Bad Advice?

I got an email a few days ago . . .

Subject: Exadata / your blogs / you aren’t saying to put HINTS on everything, Are you…

. . . A peer of mine found a couple of your blogs listed below which discuss Profiles and Hints. The position he is inferring upon you is that you are stating unequivocally that we should create lots of indexes, add hints, create profiles and outlines on our Exadata machine. Having read your book and achieve actual results in line with that book, I know that pretty much the opposite is true. . . .

Here’s what I said in my reply (edited a bit to clean up typos and to be a bit more precise):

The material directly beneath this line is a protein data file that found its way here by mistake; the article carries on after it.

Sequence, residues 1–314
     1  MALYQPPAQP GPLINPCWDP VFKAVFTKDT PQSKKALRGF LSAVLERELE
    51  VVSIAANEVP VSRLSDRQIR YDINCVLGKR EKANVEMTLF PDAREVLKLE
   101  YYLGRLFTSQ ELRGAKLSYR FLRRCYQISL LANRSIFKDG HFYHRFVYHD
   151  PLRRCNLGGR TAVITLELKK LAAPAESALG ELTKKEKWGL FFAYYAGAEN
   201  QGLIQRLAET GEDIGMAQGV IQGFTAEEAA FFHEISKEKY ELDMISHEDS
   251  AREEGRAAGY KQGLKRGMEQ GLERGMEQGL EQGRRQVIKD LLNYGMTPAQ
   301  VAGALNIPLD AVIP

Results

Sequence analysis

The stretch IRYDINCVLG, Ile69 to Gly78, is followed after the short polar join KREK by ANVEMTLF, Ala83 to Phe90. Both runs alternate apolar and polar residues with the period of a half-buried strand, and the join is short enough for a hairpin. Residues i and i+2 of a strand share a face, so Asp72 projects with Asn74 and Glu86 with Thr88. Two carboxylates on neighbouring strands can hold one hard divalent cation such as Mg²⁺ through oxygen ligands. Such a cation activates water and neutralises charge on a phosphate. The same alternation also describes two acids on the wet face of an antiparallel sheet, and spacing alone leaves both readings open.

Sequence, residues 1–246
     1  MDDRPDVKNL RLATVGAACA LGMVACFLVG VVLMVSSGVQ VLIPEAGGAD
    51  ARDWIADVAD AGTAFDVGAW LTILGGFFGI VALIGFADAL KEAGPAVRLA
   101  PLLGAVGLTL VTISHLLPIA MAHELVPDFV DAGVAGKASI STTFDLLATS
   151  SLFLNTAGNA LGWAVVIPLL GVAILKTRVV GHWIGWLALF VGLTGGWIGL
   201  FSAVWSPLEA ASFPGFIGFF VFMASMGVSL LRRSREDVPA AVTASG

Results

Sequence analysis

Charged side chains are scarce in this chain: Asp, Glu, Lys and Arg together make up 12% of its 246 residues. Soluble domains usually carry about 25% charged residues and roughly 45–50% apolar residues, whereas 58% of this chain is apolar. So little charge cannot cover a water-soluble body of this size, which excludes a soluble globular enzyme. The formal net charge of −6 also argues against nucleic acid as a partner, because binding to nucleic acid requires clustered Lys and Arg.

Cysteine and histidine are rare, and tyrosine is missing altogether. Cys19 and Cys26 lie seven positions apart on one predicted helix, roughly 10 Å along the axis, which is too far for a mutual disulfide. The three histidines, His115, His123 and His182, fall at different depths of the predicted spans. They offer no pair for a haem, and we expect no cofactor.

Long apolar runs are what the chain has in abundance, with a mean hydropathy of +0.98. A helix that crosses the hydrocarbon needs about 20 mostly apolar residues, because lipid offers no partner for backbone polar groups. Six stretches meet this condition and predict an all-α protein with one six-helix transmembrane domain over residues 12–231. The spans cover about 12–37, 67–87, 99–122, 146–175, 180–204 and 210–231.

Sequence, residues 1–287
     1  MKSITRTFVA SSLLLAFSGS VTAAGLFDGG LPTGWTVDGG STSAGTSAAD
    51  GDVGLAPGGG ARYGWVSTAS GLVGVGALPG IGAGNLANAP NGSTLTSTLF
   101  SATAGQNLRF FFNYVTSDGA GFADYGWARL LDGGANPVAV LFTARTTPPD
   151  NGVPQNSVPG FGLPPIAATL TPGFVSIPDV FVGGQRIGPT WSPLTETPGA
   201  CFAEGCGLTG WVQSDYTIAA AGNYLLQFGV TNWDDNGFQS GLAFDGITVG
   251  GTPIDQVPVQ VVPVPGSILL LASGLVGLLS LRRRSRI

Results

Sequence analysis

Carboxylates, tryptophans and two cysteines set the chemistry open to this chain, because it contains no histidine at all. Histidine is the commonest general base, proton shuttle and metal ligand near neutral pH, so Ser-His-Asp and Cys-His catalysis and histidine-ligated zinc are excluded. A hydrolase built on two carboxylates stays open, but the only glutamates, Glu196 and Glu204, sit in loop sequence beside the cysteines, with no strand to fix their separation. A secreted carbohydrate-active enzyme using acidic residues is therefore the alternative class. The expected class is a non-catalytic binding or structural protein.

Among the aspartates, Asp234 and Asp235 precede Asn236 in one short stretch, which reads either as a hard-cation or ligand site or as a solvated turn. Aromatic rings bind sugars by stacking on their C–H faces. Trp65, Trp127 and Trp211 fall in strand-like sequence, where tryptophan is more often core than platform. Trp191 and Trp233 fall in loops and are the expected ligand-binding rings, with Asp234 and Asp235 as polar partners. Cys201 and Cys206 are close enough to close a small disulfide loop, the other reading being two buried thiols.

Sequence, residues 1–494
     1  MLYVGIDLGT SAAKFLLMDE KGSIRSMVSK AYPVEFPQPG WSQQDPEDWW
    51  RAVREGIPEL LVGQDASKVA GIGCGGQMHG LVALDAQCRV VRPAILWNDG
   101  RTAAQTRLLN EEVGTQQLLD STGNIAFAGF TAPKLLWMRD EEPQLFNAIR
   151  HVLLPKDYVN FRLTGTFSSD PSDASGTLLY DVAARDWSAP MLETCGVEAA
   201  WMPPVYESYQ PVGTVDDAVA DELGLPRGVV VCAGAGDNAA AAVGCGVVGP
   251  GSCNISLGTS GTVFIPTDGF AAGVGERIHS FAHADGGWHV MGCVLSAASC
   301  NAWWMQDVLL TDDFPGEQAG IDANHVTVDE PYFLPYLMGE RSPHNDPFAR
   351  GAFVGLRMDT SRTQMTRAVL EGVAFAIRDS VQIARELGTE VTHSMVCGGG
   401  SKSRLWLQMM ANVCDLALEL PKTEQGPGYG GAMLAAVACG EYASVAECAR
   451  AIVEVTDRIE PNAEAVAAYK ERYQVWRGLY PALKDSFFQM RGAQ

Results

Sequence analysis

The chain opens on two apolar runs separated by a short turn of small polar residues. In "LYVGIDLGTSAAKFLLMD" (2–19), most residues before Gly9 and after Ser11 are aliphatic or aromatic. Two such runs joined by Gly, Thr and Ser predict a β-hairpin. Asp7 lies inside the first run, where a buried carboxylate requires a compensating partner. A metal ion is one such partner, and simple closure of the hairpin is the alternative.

I do not advocate widespread usage of hints or hint based mechanisms (Outlines, Patches, Profiles). However, because I have written quite a bit about using these techniques, I fear I may have inadvertently left people with the impression that I think hints should be used everywhere. I do not. I view them as expedient ways to change plans or lock in specific plans that I want, but in most cases I use them as bandaids to temporarily cover up other problems. I haven’t really written a blog post specifically on my view of the proper usage of these techniques, so maybe I should do that. When I do presentations on hint based mechanisms to control execution plans, I always have a slide with a picture of a vial of morphine. I use that metaphor to caution people not to over use them. There is a presentation on my blog in the whitepapers/presentations section called “Controlling Execution Plans” (or something to that effect) that you can download which has that slide in it. Also I wrote a chapter on controlling execution plans in a book called Pro Oracle SQL that probably has some prose on when and why to use them (and not use them). But in general – I think they should only be used to give temporary relief until underlying problems can be fixed or in cases where the optimizer just can’t deal with a specific situation (like correlated columns for example) or in cases where you’re using a packaged app that has badly written code that you can’t change. The newest version of the optimizer (which should be released soon) actually stores plans and not just hints with Baselines, so I will leave out the case where you want to manage plans for stability sake.